Genealogy is solving mysteries, putting together puzzles and working with others. report John Bunnell reports on the progress he and his collaborators are making on one branch of the Bunnell family.
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I've already been corresponding with George Farris on this, but I'll now bring everyone else in the loop. It appears that George's hunch that we could find the Kentucky/Virginia William/Samuel Bonnell family by tracing the related/neighbor families has paid off. As a review, the two related families during the early Virginia years (pre-Revolution through Revolution) were the Peter Rossell family and the Jacob Wright family. Tax lists show these families moving together from Loudon County to Spotsylvania County, William Bonnell and Jacob Wright were witnesses to a land sale for Peter Rossell, and William Bonnell was the administrator of Jacob Wright's estate (with the elder Samuel Bonnell as a second).
Recently, George was able to trace the Rossell's back to the Trenton, NJ area using established genealogical information. Fortunately, I was able to stop by the New Jersey state archives for a very short visit in conjunction with a recent work trip. While I only had time to scratch the surface at this facility, several things were immediately clear.
First, a court case between Peter Rossell and Charles Rossell established the fact that Peter was living in the township of Windsor in Middlesex County in 1758-1759. This is just to the east of Trenton.
Second, Jacob Wright, a farmer, was also a resident of Windsor Township until 1766. Jacob Wright was in legal trouble over debts in the 1760s, climaxing in the complete confiscation of all of his possessions in October 1766.
Third, there was a Bonnell family in the same Windsor Township from at least 1732 until at least the mid-1760s. This family (the only Bonnell family there, as far I can tell) was headed by Samuel Bonnell, Sr. and also included a Samuel Bonnell, Jr. At least one of these two was a blacksmith. The Bonnells also had debt problems dating as early as 1749. The debt cases involved both Samuel Bonnells in the mid-1760s. In the last cases, the plaintiffs were the same as those suing Jacob Wright.
The connections here are so numerous and tight, that I think that there can now be no doubt that these are the same three families that appear in Loudoun County in 1768. For the first time, then, we are able to place the Kentucky Bonnell line in the northeast.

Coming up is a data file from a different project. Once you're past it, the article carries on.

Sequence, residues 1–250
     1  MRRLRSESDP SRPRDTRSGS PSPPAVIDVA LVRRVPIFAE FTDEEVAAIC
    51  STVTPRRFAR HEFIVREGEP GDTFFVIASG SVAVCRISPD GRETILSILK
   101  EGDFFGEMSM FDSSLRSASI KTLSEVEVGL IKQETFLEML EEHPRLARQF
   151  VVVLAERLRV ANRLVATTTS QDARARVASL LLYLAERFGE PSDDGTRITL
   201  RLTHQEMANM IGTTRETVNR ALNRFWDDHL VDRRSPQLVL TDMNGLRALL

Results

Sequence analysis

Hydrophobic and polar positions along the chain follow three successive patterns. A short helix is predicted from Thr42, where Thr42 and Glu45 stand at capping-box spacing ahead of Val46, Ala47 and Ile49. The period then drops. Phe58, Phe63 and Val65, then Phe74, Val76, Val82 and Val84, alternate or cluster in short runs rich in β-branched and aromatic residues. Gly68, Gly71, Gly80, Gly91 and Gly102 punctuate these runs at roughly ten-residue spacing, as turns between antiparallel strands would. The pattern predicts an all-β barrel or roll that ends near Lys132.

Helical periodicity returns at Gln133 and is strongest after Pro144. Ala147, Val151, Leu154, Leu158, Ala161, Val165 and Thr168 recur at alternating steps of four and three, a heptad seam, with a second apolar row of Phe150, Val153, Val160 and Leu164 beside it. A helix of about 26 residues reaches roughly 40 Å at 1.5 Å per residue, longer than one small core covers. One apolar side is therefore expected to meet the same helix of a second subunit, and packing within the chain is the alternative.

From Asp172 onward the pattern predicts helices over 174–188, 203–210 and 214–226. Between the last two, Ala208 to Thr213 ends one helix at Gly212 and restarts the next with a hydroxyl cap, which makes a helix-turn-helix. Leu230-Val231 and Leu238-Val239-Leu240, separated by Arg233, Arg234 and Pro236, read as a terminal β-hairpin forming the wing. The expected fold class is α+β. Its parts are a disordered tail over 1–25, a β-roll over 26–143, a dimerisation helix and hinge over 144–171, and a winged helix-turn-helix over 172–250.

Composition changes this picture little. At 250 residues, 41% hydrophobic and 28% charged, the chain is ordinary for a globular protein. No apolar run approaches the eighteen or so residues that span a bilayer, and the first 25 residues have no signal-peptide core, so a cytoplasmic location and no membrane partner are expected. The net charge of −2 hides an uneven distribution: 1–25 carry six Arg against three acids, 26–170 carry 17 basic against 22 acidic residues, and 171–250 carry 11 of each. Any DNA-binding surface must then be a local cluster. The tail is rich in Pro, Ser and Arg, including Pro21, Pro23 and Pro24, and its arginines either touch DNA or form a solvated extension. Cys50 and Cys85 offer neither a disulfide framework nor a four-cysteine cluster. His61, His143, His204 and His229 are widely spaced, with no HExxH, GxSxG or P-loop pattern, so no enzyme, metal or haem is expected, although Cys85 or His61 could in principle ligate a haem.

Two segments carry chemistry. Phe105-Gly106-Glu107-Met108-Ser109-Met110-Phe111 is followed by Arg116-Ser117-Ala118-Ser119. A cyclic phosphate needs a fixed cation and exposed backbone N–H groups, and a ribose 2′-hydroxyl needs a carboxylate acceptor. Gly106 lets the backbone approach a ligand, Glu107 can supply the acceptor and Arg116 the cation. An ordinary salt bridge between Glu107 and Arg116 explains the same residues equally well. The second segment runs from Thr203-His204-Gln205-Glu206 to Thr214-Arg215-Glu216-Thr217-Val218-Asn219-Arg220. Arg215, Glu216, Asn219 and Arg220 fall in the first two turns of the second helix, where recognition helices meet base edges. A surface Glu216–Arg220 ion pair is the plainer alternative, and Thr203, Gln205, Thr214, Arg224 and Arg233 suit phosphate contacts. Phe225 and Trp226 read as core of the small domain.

The next task ahead is for me to sort through the pile of documents relating to this family that I took away from the NJ archives. My time in the archives was so limited, I did not even have time to read most of the documents then or since. I am extremely grateful to the staff, who rushed through making over sixty pages of copies to take with me. I will ask for your patience in sorting through this, as my time is extremely limited due to work and family pressures now. It will probably take months to get through all of this material.
The first objective in sorting through these documents is to untangle Samuel Bonnell, Sr. from the Samuel Bonnell, Jr. This will help us determine which one appeared in Loudoun County and the relationship between the Samuels and William (father and brother or father and grandfather). Once we have a clear view of Samuel, Sr., we can then try to ascertain the earliest records in this township, which may then give us a point of reference as we try to connect this eldest individual to the main Bonnell/Bunnell line.
As groundbreaking as these records are, I expect they will be insufficient to answer all of our questions. I imagine there is much more information in the NJ Archives that I was able to quickly gather from indexes. Also, we are now focused on such a small geographic area that there is a reasonable chance of payoff from searching count and church records, looking for the Ganno connection, etc.
I anticipate that this will be a tremendous jigsaw puzzle, so I welcome everyone's help as we try to put these pieces together.
More to follow (bit by bit)...